Consumer Financial Protection Bureau: Washington dysfunction comes to a point in bureaucratic kerfuffle

Posted
WASHINGTON — On Monday, Mick Mulvaney, acting director of the Consumer Financial Protection Bureau, brought in doughnuts. Around the same time, Leandra English, the agency's other acting director, sent an all-staff email thanking employees for their service.

Awkward.

And so it goes in a capital city defined by its dysfunction, at an agency where two public servants, one a holdover from the Obama administration and another a rushed temporary appointee by President Donald Trump, are messily and publicly vying to lead a controversial agency under constant political assault by Republicans.

The bureaucratic roller coaster began with the abrupt departure Friday of Richard Cordray, an Obama appointee who helped the agency aggressively expand its powers to punish rule-breaking companies. He named English as his acting deputy director and presumed acting director. The White House responded forcefully by saying Mulvaney, currently director of the Office of Management and Budget, would be the one in control until Trump decided on a permanent successor, whose confirmation could take months.

On Sunday evening, English filed a lawsuit against Trump in an attempt to block him from appointing Mulvaney, who is named in the lawsuit as "claiming to be acting director" of the agency.

As confusion reigned, English headed to Capitol Hill to meet with at least four lawmakers about her plans. Among those lawmakers: Sen. Chuck Schumer, the Democratic leader from New York, and Sen. Elizabeth Warren, D-Mass., who proposed the bureau and helped set it up, according to a spokeswoman for Warren.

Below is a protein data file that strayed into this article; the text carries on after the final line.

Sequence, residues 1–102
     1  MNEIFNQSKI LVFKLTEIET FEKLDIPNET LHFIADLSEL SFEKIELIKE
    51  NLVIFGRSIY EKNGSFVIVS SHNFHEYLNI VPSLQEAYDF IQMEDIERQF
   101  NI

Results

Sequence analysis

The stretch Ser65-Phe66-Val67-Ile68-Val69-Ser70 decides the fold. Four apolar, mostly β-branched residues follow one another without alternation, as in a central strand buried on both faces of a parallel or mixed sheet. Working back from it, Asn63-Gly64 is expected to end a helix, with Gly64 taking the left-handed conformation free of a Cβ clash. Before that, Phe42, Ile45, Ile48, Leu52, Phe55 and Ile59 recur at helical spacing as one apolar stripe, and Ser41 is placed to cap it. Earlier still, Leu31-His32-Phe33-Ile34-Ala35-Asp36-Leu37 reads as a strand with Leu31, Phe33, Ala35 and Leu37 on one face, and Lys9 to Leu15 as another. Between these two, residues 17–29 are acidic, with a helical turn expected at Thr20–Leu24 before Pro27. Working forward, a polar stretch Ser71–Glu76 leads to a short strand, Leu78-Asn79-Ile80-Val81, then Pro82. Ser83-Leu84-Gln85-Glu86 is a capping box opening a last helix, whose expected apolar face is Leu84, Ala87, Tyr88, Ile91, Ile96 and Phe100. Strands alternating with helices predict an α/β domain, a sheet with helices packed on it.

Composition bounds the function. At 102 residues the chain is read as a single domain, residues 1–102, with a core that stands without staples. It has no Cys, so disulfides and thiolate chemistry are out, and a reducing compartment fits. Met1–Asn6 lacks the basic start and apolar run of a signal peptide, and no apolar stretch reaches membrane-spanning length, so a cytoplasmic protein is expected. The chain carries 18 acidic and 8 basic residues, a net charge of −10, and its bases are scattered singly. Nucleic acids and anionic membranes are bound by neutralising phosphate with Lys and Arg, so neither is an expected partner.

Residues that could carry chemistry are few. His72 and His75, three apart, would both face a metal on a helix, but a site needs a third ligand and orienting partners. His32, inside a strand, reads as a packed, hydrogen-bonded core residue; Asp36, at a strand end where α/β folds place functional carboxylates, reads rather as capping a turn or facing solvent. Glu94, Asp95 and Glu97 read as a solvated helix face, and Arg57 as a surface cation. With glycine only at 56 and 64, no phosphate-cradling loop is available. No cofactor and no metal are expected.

Mulvaney dodged questions from consumer finance advocates as he carried in breakfast for at least a few employees on the 1,600-person payroll. There was no public trace of English, whose tenure as a low-profile public servant abruptly ended as she began to fight on behalf of the agency she helped found in 2011.

Sarah Huckabee Sanders, the White House press secretary, cited a memo sent by Mary E. McLeod, the consumer bureau's general counsel, who said she had found an opinion by the Justice Department's Office of Legal Counsel written Saturday in support of Mulvaney's appointment under the Vacancies Reform Act "on point and persuasive."

"I advise all bureau personnel to act consistently with the understanding that Director Mulvaney is the acting director of the CFPB," McLeod wrote.

TALK TO US

If you'd like to leave a comment (or a tip or a question) about this story with the editors, please email us. We also welcome letters to the editor for publication; you can do that by filling out our letters form and submitting it to the newsroom.



Powered by Creative Circle Media Solutions